Stakeholders Adopt Track and Trace System to Overcome Counterfeit Drugs

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By Ayodeji Ake

To curb the menace of counterfeit drugs in Nigeria and ensure safer medicines for users, healthcare stakeholders at the second African GS1 Healthcare Conference have adopted ‘Track and Trace System (TTS)’.

Speaking at the conference organised by the National Agency for Food and Drug Administration and Control (NAFDAC) in collaboration with GS1, recently in Lagos, the Director General, NAFDAC, Prof. Mojisola Adeyeye said the agency has shouldered the responsibilities of overseeing the manufacturing and distribution of quality medicines through the TTS barcodings.

She said: “We don’t have a good distribution system, secondly there are counterfeit and falsified medicines in our distribution system and up till now, we don’t have a track and trace system. Thirdly, we need a system where we can track and trace our medicines.

“ In developed countries, medicines can be traced from the manufacturer to the patients. Every medicine should have a bar-code so that if there is a problem we can track up to the original manufacturer.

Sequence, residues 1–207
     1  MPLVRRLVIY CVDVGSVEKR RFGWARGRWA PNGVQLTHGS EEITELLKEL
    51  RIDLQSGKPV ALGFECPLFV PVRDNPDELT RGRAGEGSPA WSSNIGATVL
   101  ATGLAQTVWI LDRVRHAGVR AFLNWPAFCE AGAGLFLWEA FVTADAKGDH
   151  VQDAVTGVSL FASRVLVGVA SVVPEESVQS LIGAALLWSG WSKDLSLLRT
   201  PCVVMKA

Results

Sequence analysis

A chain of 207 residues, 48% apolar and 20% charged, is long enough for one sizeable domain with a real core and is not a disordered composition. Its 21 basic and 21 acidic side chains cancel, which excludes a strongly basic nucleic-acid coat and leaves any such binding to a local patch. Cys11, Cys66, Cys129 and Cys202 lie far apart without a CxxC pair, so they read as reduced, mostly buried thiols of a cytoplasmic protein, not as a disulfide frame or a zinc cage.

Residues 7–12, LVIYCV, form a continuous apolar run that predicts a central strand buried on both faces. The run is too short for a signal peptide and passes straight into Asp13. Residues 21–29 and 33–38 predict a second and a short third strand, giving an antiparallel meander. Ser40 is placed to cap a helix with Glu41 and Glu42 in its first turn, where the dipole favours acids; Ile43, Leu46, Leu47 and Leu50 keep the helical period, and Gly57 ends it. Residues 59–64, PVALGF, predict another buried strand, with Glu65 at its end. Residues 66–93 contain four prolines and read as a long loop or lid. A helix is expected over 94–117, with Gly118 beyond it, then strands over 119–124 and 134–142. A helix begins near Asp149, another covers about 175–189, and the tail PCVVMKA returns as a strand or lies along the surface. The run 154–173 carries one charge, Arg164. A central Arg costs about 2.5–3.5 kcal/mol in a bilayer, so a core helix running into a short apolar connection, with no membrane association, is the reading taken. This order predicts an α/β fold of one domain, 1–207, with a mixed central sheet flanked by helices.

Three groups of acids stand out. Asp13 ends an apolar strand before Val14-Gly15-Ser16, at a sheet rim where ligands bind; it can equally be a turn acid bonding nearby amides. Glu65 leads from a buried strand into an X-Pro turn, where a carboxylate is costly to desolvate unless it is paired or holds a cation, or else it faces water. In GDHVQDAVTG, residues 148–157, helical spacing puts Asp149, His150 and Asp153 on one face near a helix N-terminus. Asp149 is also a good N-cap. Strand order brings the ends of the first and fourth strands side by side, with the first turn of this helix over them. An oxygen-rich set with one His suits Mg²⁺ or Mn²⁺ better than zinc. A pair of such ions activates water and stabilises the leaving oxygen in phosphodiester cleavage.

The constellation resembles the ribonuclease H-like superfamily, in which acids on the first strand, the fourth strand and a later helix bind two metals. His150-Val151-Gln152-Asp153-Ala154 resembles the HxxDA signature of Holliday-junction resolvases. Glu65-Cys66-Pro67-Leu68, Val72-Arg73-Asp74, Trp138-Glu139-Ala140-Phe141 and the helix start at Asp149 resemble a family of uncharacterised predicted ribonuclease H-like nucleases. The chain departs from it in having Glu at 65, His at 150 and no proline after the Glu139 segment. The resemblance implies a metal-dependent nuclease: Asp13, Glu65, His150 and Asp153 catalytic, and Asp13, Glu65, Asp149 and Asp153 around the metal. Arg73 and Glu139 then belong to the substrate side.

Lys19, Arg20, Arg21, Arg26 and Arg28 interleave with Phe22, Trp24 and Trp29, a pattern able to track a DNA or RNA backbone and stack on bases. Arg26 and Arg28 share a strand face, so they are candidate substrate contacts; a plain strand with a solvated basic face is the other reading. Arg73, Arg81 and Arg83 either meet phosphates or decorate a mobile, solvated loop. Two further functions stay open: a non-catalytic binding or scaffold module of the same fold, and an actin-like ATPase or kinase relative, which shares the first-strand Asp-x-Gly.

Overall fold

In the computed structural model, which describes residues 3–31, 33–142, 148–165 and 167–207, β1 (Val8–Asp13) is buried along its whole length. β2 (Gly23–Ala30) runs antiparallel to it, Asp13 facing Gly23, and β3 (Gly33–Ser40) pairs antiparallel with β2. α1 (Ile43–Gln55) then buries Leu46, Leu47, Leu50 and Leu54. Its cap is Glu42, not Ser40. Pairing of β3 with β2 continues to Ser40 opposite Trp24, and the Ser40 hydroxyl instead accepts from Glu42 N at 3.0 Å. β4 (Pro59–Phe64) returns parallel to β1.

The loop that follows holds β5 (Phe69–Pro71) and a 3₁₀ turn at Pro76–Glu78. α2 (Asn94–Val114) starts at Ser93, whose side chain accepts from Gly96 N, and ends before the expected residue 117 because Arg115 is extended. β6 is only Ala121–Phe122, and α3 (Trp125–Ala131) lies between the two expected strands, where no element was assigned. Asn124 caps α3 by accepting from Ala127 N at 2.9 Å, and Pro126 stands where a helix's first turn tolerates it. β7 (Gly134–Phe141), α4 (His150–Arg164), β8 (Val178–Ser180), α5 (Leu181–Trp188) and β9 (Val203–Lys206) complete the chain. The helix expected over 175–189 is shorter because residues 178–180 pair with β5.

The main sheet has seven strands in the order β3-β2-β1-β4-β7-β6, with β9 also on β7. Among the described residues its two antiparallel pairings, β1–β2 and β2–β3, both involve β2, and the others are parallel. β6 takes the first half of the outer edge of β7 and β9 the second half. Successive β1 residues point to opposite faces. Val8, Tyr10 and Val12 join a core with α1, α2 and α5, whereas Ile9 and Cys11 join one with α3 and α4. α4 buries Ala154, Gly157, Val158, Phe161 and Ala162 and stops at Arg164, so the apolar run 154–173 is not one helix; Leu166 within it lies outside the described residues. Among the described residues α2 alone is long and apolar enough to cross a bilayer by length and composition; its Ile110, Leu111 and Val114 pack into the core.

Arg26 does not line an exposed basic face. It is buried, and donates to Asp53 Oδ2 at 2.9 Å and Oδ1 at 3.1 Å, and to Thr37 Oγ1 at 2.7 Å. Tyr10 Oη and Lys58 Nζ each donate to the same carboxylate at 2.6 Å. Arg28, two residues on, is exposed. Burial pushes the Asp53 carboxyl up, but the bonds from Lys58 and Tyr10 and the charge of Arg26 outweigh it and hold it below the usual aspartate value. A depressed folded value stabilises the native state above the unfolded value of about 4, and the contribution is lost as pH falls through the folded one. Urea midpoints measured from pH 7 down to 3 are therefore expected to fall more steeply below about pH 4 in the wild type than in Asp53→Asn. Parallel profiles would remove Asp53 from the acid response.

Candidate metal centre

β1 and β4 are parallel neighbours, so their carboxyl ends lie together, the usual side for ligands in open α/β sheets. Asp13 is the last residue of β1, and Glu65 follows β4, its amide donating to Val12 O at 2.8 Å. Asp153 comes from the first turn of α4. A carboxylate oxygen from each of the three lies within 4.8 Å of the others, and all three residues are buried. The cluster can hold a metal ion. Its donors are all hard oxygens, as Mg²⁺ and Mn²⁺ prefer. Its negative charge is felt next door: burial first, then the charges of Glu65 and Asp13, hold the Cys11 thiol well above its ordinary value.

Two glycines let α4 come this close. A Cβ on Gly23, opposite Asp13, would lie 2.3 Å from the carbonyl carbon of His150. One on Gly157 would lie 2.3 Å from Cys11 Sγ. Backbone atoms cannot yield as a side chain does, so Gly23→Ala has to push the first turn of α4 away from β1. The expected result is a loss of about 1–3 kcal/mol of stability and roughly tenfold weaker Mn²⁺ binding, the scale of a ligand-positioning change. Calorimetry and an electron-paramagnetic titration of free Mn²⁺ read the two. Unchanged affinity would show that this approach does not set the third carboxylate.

“We are not there at all in Nigeria, which is why we have a five years plan to get there as much as possible. It’s extremely important that the medicine we take works, if it doesn’t, we won’t get well. On this note, we can’t over emphasise the importance of this meeting,” she said.

Adeyeye further noted that the track and trace system was being designed on a five years plan to put all systems in place for smooth operations.

The Chief Executive Officer, GS1, Babatunde Odunlami said the orgnaisation was bent on ensuring challenges within the supply chain, thus collaborating with stakeholders to proffer long lasting solutions like the introduction of Track and Trace System to reduce incidences of counterfeit drugs.

He said: “GS1 is a global organisation, what we focus on is the development of standards for the supply chain. Our tag line is that we are the global language for business.

“We look at the challenges within the supply chain and we work together through collaboration to proffer solutions. Barcodes are very important in businesses as it enables for tracking systems.”

The Minister of Health, Dr. Osagie Ehanire, represented by the Director General, Nigerian Institute of Medical Research, Prof. Babatunde Lawal commended NAFDAC and GS1 for the giant step taken to end the scourge of counterfeit drugs.

He said: “Congratulations to the organisers of this event. It is a commendable thing for them bringing this conference together. No doubt Nigeria represents Africa because you will find in Nigeria what you will find in other African countries.”

On his part, the Chairman, Global Steering Committee for Quality Assurance, World Bank, Tom Woods applauded the initiative, noting that the meeting was not just a conference, but a move to protect the integrity of the healthcare system, adding that in their part, they bring global solutions to local challenges.